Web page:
Amid global economic flux, there is a broad consensus that US inflation is on a declining trend, albeit with some unexpected twists and turns along the way. High interest rates could yield unintended consequences, underscoring the importance of a balanced approach.
The geopolitical tensions between Israel and Hamas are seen as potentially intricate, leading to the anticipation of elevated oil prices with limited downward flexibility. Though the prevailing view is that the conflict might not have extensive repercussions, many market watchers are keeping a close eye on developments.
|Dr. Le Anh Tuan, head of Research Dragon Capital
Within Vietnam, the economic perspective is predominantly shaped by three pillars: monetary policy, macroeconomic stability, and economic growth. In the short term, the room for monetary policy alterations seems limited. However, the gradual permeation of low interest rates indicates a cooling price environment, suggesting further potential for rate reductions. This is underpinned by easing inflation concerns, low interbank rates, yet persistent higher rates on deposits and loans.
However, there are palpable liquidity concerns. With sluggish credit growth and feeble money supply, the government appears resolute to boost liquidity. Thus, we anticipate another round of rate cuts before the year’s end.
Macroeconomically, the situation appears steady. Currency devaluation concerns are relatively muted, especially when juxtaposed with other nations. While some countries’ currencies have depreciated by 7-8 per cent, the VND has only declined by about 3-4 per cent.
Significant divergences between the interbank and black-market exchange rates could pose substantial risks for retail investors favouring the US dollar. Given the substantial holdings of US dollars by the public, significant disparities could lead to heightened future exchange rate volatilities. Nonetheless, while short-term rate fluctuations may be concerning, long-term prospects remain sanguine.
Economic growth, primarily based on consumption, manufacturing, and real estate, has been lacklustre, with a probable nadir reached in June. This entails a potential thaw in real estate, an unclear pace of recovery in manufacturing, and a tangible rebound in consumption. Investors have been advised to temper their expectations.
We believe that the stock market moves in cycles. Understanding these cycles can shield investors from downturns between 5-10 per cent and avoid hasty exits during market lows. While inflation and interest rates may not have bottomed out, growth seems to have turned the corner. Medium-term stock market prospects seem stable. However, that does not imply uniform profitability across stocks, and it remains unlikely for the VN-Index to decline beyond 12-14 per cent.
Large-cap stocks are expected to lead the recovery trend with anticipated profit growth of 25 per cent in the last two quarters of 2023, given the previous year’s low base.
Intriguingly, we revise our profit growth projection for 2024 downwards from 24 per cent to a range of 16-20 per cent due to unpredictable variables. However, 2024 still promises a double-digit profit growth spurred by normalising profit margins.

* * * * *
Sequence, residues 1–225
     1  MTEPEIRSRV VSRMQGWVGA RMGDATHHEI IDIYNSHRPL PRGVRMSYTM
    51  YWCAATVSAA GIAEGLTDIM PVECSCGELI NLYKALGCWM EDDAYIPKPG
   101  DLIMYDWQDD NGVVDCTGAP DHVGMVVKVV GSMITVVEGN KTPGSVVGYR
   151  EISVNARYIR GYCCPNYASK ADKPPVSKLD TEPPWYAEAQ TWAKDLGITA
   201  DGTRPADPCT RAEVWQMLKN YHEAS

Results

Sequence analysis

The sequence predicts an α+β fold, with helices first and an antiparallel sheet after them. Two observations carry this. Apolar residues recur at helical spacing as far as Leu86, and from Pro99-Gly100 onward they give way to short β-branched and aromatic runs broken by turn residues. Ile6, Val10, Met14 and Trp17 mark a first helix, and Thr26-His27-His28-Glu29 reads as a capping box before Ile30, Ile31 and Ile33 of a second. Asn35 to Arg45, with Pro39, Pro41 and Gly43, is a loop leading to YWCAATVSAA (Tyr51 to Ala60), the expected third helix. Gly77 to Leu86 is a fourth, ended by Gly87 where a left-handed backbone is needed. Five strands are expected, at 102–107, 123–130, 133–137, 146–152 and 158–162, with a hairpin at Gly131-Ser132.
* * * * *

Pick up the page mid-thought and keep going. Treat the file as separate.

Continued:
In conclusion, various elements influence the stock market, such as decreasing interest rates, stable exchange rates, and increasing liquidity. While some collapse prevention solutions have been implemented, profitability remains the outstanding issue.
The stock market is in a recovery phase, but profit prospects remain nebulous, leading to uncertainties in the uptrend. However, as profit prospects improve, market recovery will become clearer. Therefore, we believe that investors should not anticipate a 15-20 per cent market downturn. For discerning investors, it’s a time for both optimism and caution.
While Israel itself is not a significant oil supplier on the global stage, the conflict’s implications extend beyond its borders. The risk of a broader regional conflict could reach Saudi Arabia and Iran, nations that collectively account for 17 per cent of the world’s total crude oil supply.
This inevitably impacts some Vietnamese listed companies tied to rising oil and gas, such as PV Drilling, PetroVietnam Technical Services Corporation, Binh Son Refining and Petrochemicals, PetroVietnam Gas, and CNG Vietnam.
With respect to Vietnam’s imports from Israel in 2022, they amounted to $175.8 million, making up less than 0.01 per cent of Vietnam’s total import value. Consequently, should any supply disruption from Israel occur due to the ongoing conflict, the impact on Vietnam’s imported goods is likely to be marginal.
By breaking down the import sectors, it becomes evident that only fertilisers held a relatively larger share of 6.78 per cent of the total fertiliser imports in 2022. In light of this, any setbacks in Israel’s supply may primarily affect the fertiliser sector. Nevertheless, due to its relatively small share and the existing domestic surplus in fertiliser production, the overall consequences are projected to be limited.
Vietnam’s trade relations with Israel have seen notable growth in recent years, with a total export value to Israel of $780.5 million in 2022, accounting for 0.2 per cent of Vietnam’s overall export value. Source: Yuanta Securities Vietnam
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